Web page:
THe cancellation of Constellation is short-sighted, wasteful, and destructive to the very thing we need most to create new technologies, to the people whose work creates that science, and must depend on shifting sand of government funding.

Please consider what this will mean to our future, to science, even to our security.

Paul Thornton

@Showboat and Jim Spellman: NASA critics point out -- correctly, in my view -- that the market for private spaceflight would grow tremendously if the space agency would enter it more fully. With NASA now a paying customer, the next several years could be very interesting one for private sector spaceflight.

@John Black: Funny how you decry the lack of timetables for the private sector when NASA has a history of not paying much attention to some of its own ones (remember, the International Space Station still isn't finished). The Ares rocket was already behind schedule, over budget and experiencing major technical problems. You also take for granted that it's the right mission for NASA to send astronauts back to the moon, an expensive goal based more on nostalgia than science.

@andrew nelson: You're completely wrong to call Obama's NASA budget proposal an "attack on science." The administration called for a major boost for earth science and robotic exploration, two fields that have a much stronger grounding in science than the scientifically dubious pursuit of sending Americans back to the moon.

Behar Mehmeti

I work on the Ares I program (part of constellation), and yes we have burned through a lot of money, but it is not only NASA's fault for not moving forward faster. While there is some inefficiencies in NASA, the reason for those inefficiencies and accidents date back to the chronic lack of funding that NASA gets under all the presidents since Nixon. I think that the USA has to get serious about Space Exploration and DOUBLE NASA’s budget and change the culture of NASA, hire new young engineers and scientist; force out old engineers. Adopt new development processes. If we do this we will have a good space exploration program. There is room for commercial rockets to send cargo and maybe astronauts to the ISS (like SpaceX’s Falcon 9 and Dragon capsule), but for space exploration you still need constellation. I hope constellation does not get canceled, remember Congress has the last word on this, not the President. America has always led space exploration, and we should all lead it, and as far as the Space Shuttle goes, the Space Shuttle is an experimental Space Ship, but in the 70s the only way that NASA could keep the program was to advertize it as a “space truck”.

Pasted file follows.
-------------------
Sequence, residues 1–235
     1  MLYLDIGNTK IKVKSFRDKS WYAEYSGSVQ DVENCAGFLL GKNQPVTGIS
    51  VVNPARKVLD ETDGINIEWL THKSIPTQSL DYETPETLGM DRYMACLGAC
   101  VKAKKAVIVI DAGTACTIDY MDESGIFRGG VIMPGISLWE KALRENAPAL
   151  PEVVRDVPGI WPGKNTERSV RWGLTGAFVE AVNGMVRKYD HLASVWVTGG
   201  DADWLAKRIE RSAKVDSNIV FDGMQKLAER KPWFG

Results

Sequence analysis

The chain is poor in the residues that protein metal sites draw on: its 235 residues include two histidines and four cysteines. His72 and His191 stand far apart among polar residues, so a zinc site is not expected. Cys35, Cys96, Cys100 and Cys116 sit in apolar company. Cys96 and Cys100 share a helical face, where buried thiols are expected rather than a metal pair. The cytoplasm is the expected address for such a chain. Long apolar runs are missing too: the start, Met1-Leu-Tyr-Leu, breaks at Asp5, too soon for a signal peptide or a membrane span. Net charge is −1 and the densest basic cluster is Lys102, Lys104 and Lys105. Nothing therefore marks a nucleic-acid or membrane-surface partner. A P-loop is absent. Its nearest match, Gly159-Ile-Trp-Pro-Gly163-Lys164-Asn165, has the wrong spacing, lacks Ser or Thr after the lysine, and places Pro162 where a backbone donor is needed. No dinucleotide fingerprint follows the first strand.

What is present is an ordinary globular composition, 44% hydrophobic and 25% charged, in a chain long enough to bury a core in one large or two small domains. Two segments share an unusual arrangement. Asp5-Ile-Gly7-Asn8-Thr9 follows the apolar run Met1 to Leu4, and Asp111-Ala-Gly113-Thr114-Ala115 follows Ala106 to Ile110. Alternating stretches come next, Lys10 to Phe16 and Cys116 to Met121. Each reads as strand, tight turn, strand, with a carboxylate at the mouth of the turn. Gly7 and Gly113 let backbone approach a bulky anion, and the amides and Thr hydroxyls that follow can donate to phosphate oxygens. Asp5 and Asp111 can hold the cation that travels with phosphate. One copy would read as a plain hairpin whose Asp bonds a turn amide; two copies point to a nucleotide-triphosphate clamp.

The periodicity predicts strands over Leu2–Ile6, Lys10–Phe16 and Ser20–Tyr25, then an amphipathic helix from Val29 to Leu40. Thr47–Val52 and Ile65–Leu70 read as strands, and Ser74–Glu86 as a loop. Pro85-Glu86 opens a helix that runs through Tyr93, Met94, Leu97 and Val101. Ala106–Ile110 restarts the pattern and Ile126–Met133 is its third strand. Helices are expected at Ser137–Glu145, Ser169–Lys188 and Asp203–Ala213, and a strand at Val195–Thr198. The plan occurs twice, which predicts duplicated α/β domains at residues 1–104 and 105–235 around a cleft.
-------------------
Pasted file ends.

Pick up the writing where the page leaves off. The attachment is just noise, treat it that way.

Why NASA is duplicating the effort of many universities in studying world weather is beyond me - But BO also has the CIA looking into climate change so this cutting is expected. NASA - the people who put us on the moon and other moons / planets becomes weather watchers to please an environmental movement spewing forth fabricated studies to justify government interference in more of our lives.

andrew nelson

Back @Paul Thorton: Let me correct my error, "This administration's ATTACK on United States Science". The research for manned space flight will not be invested in, by business, unless you count the $20 million dollar ticket to ride in a RUSSIAN Soyuz shuttle to the Space Station. When the Global Positioning System was launched, by every vehicle, private or public, that NASA could get it's hands on, it ended up having to go to CHINA to get them to launch it on souped up "Long March" Ballistic Missles that the Clinton Administration then gave technology transfer to, for China to make the necessary upgrade, which then went right into their Satellite Killing Program, which they demonstrated this year, in the NEW Democrat Administration. Scientifically dubious? No. It's a hard problem, that when you solve it, you jump light years ahead of your competition. Moron.


I'm a huge fan of NASA. That being said, it's about time. They've been lost for 25 years with no political guidence other than throwing some paltry money at them.

The majority of that money has been spent on manned projects. Yet look at the success of their unmanned projects at lower cost.

NASA will continue o be the step child unless they and us come up with a worthy project to capture the public imaginatio again. And return to the moon is not it, sorry it's just not. Been there done that is the general feeling.